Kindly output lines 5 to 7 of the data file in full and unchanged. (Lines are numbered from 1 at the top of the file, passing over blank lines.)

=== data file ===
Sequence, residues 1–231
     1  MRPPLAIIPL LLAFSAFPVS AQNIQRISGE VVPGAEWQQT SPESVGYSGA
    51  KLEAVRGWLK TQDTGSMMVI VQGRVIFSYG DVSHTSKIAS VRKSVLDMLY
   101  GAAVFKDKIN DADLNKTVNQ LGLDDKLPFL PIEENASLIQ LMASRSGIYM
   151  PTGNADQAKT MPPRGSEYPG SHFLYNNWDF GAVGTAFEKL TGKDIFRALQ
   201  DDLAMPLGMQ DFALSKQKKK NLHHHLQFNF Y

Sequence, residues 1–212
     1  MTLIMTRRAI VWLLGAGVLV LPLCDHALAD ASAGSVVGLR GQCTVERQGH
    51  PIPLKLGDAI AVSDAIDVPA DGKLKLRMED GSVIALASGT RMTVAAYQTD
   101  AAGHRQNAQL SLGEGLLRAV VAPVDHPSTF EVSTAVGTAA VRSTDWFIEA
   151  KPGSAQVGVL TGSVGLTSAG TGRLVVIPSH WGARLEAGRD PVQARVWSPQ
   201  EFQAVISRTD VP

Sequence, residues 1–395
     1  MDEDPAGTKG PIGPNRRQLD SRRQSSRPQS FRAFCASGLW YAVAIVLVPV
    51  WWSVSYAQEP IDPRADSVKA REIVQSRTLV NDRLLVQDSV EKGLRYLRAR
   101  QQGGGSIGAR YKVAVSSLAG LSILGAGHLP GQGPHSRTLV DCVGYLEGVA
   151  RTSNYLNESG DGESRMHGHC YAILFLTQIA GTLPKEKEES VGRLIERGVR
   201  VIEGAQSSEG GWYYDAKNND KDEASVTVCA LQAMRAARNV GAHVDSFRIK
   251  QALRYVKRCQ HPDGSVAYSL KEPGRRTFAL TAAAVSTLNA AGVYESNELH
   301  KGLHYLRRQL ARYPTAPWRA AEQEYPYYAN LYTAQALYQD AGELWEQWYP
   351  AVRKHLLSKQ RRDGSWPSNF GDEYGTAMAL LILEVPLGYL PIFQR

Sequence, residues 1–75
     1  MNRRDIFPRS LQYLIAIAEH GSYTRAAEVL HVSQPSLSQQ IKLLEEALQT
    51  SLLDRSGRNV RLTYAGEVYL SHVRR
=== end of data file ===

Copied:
   151  PTGNADQAKT MPPRGSEYPG SHFLYNNWDF GAVGTAFEKL TGKDIFRALQ
   201  DDLAMPLGMQ DFALSKQKKK NLHHHLQFNF Y

Sequence, residues 1–212